Edit & Opinion

Food Waste Index: Critical, Govts’ Must Ponder

Representational

Food wastage, at least in countries of South Asia, where a significant proportion of the population suffers from poverty as also under-nutrition cannot be justified on any account. An estimated 931 million tonnes of food, or 17 per cent of total food available to consumers in 2019 globally, went into the waste bins of households, retailers, restaurants and other food services, according to Food Waste Index Report 2021, released  weigh by the United Nations Environment Programme (UNEP) recently.

The report provides insights into the scale of food waste and a methodology that enables countries to measure baselines and track progress in meeting the UN SDG target. It revealed that most of the food waste comes from households, which discard 11% of the total food available at the consumption stage of the supply chain. Food services and retail outlets waste 5% and 2% respectively. On a global per capita-level, 121 kg of consumer level food is wasted each year, with 74 kg of this happening in households.

The weight of the global food waste roughly equals India’s total production of foodgrain, oilseeds, sugarcane and horticultural produce put together in 2019-20.This has been continuing in the country and, as per estimates, India’s households’ discard 50 kg food per capita annually though this is lower than the global average of 74 kg per capita. Whether this could be considered ‘cruelty’ in the modern era is for experts to decide but surely nations need to ensure that such wastage is best avoided.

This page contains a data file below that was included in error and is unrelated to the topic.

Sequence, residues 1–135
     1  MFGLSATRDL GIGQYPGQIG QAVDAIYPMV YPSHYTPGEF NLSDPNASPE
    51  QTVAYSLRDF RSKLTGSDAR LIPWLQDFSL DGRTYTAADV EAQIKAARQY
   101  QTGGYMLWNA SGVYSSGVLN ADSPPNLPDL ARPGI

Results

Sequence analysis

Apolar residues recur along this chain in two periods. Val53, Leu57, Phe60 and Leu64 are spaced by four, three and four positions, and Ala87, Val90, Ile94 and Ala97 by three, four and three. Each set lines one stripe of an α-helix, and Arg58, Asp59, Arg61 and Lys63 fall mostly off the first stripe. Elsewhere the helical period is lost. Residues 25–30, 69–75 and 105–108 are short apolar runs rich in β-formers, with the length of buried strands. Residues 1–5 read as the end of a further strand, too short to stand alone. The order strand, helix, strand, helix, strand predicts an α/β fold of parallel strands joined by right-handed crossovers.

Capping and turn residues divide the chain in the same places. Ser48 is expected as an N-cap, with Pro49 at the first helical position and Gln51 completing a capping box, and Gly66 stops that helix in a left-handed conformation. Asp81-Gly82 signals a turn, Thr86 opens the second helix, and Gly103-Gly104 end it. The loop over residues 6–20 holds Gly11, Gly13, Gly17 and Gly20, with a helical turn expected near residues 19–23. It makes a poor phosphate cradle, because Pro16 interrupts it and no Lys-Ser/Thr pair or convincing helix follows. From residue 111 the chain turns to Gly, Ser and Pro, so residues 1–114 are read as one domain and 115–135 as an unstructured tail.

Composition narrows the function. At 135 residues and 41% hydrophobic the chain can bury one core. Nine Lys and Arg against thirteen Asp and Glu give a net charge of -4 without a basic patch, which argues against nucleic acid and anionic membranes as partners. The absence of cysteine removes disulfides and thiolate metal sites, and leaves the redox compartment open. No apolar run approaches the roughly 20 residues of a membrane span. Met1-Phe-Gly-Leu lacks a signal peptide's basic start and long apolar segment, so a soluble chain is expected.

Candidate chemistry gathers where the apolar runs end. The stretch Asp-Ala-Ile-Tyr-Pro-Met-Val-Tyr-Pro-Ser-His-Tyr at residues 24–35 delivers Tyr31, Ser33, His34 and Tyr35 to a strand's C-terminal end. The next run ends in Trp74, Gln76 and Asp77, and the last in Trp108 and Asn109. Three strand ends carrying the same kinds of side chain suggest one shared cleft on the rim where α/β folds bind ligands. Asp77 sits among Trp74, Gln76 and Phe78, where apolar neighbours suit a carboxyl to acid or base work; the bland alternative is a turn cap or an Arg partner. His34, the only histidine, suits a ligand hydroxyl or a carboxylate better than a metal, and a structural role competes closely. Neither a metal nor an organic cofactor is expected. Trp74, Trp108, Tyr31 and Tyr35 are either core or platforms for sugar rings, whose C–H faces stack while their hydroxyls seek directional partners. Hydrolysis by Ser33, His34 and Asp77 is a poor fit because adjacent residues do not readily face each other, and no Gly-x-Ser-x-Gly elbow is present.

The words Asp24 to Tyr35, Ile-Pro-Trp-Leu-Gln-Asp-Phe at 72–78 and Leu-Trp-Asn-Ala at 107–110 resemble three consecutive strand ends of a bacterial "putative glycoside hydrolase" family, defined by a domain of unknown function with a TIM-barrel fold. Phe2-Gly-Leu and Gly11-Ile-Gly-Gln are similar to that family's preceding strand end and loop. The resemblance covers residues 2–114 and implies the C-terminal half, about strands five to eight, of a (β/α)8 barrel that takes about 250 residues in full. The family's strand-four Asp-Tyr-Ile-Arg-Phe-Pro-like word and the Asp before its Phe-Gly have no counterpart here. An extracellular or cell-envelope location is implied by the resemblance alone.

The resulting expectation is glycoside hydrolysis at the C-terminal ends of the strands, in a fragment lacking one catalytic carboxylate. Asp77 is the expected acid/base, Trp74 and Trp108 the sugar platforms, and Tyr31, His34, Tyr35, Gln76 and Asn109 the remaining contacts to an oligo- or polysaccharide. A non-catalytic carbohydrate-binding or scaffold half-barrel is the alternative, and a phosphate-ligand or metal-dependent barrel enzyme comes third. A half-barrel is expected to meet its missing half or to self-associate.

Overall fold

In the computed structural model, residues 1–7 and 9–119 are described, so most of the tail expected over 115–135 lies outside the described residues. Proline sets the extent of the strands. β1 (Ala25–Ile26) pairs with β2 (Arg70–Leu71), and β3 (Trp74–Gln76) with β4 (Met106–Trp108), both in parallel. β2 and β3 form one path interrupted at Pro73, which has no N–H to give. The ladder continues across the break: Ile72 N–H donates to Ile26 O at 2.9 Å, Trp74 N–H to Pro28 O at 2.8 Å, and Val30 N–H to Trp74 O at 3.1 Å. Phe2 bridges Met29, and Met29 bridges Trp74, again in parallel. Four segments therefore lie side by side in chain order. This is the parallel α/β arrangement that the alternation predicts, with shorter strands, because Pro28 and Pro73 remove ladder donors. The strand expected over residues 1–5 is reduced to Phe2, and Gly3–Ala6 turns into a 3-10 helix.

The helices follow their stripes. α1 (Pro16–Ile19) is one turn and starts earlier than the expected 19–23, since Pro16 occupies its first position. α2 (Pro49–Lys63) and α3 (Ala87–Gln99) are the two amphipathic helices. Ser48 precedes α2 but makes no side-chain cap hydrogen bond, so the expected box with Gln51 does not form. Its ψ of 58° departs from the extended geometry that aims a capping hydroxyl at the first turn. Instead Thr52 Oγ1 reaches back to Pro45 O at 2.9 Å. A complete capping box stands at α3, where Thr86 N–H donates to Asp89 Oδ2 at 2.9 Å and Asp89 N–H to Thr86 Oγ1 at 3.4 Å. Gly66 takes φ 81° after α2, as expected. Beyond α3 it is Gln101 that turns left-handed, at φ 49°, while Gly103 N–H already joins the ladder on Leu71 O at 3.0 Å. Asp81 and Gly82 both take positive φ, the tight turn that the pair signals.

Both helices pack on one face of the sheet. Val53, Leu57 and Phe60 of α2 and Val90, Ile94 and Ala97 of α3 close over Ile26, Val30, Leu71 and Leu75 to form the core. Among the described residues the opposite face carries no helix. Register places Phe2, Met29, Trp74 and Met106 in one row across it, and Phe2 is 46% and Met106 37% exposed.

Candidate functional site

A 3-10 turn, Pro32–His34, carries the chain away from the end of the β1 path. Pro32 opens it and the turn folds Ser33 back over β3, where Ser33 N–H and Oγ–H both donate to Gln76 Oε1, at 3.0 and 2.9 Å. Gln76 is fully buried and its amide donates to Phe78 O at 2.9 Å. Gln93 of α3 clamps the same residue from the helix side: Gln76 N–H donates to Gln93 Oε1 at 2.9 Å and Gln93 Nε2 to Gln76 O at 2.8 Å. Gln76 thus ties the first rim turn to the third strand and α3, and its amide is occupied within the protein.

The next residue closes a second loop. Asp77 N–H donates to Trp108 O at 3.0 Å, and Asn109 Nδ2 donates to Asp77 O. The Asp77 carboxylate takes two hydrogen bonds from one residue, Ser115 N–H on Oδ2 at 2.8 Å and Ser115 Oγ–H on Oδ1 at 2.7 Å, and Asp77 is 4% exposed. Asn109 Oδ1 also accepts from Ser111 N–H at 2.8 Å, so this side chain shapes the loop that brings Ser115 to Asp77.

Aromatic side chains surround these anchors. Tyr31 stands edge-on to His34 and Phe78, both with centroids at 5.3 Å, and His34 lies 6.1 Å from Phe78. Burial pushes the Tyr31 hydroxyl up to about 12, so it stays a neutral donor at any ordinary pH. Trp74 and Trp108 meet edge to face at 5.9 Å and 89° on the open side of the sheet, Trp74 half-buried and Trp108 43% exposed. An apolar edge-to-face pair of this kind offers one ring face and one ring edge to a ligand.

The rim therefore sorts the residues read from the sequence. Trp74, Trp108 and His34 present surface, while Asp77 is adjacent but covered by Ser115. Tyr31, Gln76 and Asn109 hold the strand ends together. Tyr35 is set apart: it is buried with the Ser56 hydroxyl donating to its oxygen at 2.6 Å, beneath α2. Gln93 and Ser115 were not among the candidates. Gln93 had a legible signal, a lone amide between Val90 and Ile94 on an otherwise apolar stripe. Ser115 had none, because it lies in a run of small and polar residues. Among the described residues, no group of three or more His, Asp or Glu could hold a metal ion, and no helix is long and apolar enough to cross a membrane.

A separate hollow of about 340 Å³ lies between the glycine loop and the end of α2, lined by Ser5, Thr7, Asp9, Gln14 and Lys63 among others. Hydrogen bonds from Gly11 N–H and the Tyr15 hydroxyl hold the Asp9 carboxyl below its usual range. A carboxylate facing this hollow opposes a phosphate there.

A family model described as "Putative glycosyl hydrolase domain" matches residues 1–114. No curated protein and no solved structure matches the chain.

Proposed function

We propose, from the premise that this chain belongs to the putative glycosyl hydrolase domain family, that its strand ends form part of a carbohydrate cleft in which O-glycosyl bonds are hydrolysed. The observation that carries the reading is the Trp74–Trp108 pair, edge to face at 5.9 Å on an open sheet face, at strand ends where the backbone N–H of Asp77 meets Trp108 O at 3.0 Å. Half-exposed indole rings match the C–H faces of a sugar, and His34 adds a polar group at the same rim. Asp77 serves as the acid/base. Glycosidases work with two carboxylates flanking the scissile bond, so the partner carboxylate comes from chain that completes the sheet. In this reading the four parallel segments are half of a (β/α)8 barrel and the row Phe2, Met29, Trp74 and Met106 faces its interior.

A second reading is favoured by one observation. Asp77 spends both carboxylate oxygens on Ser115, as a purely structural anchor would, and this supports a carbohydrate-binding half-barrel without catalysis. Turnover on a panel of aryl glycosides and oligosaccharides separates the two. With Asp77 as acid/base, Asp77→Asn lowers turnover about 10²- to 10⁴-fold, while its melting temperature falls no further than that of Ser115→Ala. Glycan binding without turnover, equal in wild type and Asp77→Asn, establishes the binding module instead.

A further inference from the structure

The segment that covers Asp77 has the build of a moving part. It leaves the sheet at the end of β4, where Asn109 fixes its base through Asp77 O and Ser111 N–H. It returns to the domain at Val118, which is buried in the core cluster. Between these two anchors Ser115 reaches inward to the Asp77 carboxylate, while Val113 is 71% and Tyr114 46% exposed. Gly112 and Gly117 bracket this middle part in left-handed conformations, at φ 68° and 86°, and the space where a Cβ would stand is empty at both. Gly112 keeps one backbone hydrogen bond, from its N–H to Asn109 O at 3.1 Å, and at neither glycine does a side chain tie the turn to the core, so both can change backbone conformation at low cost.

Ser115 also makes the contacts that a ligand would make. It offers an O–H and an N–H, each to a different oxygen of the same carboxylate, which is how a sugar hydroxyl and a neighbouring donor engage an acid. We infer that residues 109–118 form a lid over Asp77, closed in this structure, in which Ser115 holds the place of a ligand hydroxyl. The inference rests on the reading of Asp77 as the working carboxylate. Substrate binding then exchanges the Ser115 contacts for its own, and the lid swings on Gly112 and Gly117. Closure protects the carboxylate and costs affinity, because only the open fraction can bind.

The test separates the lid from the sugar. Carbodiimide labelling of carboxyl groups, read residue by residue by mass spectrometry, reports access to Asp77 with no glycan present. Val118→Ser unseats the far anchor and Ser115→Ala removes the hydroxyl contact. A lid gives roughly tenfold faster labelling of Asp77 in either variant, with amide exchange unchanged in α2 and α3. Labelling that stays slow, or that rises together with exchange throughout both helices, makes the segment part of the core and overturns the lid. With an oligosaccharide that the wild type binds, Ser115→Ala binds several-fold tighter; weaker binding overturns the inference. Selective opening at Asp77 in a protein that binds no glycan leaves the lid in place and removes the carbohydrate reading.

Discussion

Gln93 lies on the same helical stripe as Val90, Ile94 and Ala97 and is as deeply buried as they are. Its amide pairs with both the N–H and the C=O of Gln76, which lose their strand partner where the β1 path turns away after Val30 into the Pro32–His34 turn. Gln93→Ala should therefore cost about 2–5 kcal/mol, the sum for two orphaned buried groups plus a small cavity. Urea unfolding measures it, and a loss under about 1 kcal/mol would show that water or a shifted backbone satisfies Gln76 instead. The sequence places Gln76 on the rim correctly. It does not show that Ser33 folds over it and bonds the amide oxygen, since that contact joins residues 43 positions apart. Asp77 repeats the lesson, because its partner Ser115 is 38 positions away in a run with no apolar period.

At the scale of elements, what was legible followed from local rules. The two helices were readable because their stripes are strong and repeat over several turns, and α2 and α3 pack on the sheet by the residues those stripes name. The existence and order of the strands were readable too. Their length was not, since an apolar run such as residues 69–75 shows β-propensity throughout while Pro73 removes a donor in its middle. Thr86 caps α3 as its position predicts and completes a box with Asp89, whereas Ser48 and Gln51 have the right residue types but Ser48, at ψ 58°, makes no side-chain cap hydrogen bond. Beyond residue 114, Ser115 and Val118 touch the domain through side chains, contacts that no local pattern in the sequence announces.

With a staggering 3 billion people that cannot afford a healthy diet (FAO, 2020), the message of this report is clear: citizens need help to reduce food waste at home!
Underlining that food waste is not just limited to rich nations, the report noted that the household per capita food waste generation is found to be broadly similar across country income groups, suggesting that action on food waste is equally relevant in high, upper-middle and lower-middle-income countries.

Covid-19 and its successive waves has made matters worse. With job losses, getting two meals a day has been difficult for a large section of the under-privileged and wasted food could have instead been transferred to the hungry or undernourished. In recent times, there are sporadic reports of civil society organisations carrying wasted food from hotels and restaurants as also festive parties to distribute the same to the poor, specially children in the area or city. However, more such efforts are needed and the local authorities should extend facilities to ensure that such wastage is curtailed.

Another aspect that needs to be mentioned here is that 40 per cent of food waste takes place because most small-scale farmers do not have adequate storage facilities. Food waste is also caused by pestilence and rotting. In India, food waste is mostly pre-consumer unlike the US where it is post-consumer.

An important aspect of food waste relates to enormous amounts of land, water, chemicals and fertilizers and fuel spent in producing, transporting and selling food, thereby clearly indicating that each wasted morsel represents a degradation of nature. Food decomposition further adds to greenhouse gas emissions, which use up oxygen and release methane. Scientists have estimated that if food loss and waste were treated like a country, it would be the third biggest source of greenhouse gas emissions.

Globally, the carbon footprint of wasted food is estimated to be around 3/3 billion tonnes CO2 caused by fuels, chemicals and greenhouse gases. In fact, wasted food embodies 24 per cent of land water and fertilizers used in agriculture, some one-third of the world agricultural land. Keeping in view the fact that agriculture uses around 70 per cent of the earth’s fresh water, wasted food would mean loss of already dwindling per capita availability of water without any effective use.